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Can My Child Support Orders Be Modified?

By Sheryl Rentz on May 8, 2017

Usually, when a judge settles a case, the ruling he or she makes is permanent. And it can only be appealed with great expense and difficulty. However, when it comes to divorce proceedings, determinations regarding child custody, child support, and alimony are not intended to be permanent, but rather can be modified if new circumstances call for it. This is especially true when the order pertains to children.

According to Pennsylvania law, “Either party to a child support order may request an order modification any time they experience a material change in circumstances such as a change in income; child care expenses; medical coverage; custody; age of the child; incarceration; relocation; disability; death; or, special needs of the child.” This means that your child support order could be subject to a change at any time, whether requested by you or by your former spouse.

Why You Might Want to Modify a Child Support Order

Reasons for asking for a change in child support include you or your former spouse being fired from a job, starting a new job with a different level of pay, being promoted to a higher-paying position, or working reduced hours. Whenever there is a material change in one parent’s financial circumstances, he or she is able to petition for a change in the child support order. He or she might ask to increase or decrease the payments, depending on the situation.

What Will the Judge Look At?

Such requests are not automatic. Judges do not generally allow for modifications to a child support order without evidence that the change in circumstances is substantial, material, and permanent. The other parent will be allowed to dispute the change as well. That’s why it’s important to have an experienced family law attorney advocating on your behalf.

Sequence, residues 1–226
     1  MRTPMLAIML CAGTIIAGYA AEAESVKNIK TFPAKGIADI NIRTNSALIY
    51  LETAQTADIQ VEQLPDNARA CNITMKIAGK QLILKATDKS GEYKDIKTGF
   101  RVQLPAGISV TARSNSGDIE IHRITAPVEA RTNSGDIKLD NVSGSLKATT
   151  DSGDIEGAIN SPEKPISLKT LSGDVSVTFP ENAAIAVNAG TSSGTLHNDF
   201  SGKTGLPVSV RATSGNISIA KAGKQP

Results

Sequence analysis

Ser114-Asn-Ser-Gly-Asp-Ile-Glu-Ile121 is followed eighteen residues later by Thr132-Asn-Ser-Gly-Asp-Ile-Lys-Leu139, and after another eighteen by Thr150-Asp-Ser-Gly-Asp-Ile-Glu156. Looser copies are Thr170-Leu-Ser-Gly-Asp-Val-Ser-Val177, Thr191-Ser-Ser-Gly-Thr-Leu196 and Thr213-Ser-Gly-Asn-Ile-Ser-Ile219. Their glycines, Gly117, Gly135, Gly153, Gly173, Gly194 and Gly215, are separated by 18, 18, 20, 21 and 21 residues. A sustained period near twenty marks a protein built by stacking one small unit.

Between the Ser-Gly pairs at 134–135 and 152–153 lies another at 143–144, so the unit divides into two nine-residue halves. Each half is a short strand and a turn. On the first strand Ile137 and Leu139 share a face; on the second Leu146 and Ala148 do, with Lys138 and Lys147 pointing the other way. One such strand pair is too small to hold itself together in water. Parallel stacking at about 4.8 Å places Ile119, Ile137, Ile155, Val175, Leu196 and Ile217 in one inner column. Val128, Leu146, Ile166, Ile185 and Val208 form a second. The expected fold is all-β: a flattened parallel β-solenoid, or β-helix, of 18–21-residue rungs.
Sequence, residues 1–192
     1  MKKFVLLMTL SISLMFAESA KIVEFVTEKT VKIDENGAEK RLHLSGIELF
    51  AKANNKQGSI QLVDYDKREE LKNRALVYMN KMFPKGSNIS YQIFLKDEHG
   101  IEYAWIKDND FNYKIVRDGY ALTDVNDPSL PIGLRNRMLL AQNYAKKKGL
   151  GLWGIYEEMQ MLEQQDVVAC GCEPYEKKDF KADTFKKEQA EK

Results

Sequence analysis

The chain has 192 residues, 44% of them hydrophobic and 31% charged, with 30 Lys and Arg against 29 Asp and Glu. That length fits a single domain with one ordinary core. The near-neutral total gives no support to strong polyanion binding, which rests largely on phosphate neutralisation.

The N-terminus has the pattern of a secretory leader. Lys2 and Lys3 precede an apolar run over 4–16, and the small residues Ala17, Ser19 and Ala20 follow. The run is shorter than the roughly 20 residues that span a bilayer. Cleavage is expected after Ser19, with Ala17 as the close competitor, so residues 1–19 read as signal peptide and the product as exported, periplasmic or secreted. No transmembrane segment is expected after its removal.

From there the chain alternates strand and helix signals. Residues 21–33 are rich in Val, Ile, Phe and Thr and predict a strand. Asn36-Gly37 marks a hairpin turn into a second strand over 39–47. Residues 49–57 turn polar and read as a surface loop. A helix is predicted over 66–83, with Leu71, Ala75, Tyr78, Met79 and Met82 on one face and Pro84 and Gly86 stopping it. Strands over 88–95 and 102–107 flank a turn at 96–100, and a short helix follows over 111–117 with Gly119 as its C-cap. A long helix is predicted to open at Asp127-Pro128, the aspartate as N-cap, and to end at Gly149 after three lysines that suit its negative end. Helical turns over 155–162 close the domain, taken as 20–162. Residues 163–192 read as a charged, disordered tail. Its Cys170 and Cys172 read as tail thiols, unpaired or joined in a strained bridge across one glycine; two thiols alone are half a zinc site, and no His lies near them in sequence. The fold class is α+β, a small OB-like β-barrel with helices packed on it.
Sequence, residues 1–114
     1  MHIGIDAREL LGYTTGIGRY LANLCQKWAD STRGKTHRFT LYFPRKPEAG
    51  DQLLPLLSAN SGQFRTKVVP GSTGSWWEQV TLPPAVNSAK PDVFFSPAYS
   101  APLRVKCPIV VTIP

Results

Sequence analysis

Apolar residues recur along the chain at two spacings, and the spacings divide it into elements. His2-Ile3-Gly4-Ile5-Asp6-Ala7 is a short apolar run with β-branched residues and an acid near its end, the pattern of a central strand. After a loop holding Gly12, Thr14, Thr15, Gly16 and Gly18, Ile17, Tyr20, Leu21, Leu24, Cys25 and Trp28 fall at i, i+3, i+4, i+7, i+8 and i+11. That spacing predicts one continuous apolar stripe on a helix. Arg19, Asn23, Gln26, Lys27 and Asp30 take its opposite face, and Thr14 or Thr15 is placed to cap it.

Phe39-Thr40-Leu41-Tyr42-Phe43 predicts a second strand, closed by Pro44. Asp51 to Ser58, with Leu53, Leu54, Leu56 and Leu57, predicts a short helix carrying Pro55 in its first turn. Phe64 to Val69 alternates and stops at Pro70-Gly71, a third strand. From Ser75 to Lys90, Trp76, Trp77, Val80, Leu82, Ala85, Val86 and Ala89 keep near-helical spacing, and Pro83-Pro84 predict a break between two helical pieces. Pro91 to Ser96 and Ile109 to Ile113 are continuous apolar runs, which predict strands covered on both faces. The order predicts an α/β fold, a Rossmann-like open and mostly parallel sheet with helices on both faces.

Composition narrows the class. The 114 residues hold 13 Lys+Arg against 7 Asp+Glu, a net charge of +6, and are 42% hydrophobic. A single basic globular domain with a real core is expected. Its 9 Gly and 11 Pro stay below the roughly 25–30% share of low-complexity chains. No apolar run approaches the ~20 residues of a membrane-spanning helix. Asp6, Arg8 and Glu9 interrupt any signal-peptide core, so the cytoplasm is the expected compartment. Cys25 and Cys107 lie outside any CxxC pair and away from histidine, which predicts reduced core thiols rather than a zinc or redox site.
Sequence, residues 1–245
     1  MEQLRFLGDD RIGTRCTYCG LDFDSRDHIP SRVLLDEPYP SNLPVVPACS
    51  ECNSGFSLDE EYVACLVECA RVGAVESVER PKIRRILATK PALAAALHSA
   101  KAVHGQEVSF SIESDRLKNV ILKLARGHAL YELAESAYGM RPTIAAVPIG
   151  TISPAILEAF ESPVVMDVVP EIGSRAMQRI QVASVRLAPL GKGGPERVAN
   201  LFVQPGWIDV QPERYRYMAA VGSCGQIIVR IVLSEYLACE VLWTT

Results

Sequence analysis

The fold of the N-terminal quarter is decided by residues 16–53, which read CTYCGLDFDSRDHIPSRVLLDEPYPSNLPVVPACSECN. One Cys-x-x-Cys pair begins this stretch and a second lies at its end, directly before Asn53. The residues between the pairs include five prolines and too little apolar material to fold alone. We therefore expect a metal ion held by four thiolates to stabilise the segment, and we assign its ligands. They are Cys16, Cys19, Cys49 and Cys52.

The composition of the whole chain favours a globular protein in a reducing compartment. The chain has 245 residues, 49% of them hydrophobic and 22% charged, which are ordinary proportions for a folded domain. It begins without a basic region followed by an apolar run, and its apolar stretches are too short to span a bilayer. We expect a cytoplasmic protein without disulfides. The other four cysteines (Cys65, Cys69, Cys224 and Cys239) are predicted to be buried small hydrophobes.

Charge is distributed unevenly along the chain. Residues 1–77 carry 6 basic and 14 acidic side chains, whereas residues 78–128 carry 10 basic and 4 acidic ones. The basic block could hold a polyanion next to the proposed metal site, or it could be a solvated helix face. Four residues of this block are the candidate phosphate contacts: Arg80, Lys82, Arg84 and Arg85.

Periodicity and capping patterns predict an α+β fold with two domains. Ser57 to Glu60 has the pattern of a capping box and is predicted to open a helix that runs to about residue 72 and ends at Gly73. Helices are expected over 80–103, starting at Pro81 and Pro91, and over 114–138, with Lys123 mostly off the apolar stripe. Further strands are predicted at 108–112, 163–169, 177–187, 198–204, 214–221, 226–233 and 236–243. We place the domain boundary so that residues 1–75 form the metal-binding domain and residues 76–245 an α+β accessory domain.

Make Sure Any Changes to Support Are Done Legally!

You should also be aware of the danger of verbally agreeing to changes in child support, alimony, or child custody with your former spouse. Such agreements are not legally recognized and could come back to haunt you.

For example, you might explain to your spouse that you have lost your job, and can no longer afford to pay full child support while you are looking for a new position. Let’s say your spouse agrees that instead of paying $500 a month, you will pay $250. After six months, you find a new job, and resume your payments as before, but your spouse expects you to pay back the $1,500 difference from the six months you were unemployed. Because you only had a verbal agreement, it’s likely a judge would side with your spouse and order you to repay the full amount.

No matter what your particular circumstances, if you or your former spouse is seeking to modify a child support order, you should discuss your options with a Montgomery County family law attorney. Sheryl R. Rentz has the experience and resources that can help you change or maintain a custody order. Call the Law Offices of Sheryl R. Rentz, P.C. at (610) 645-0100 to schedule a free consultation today.

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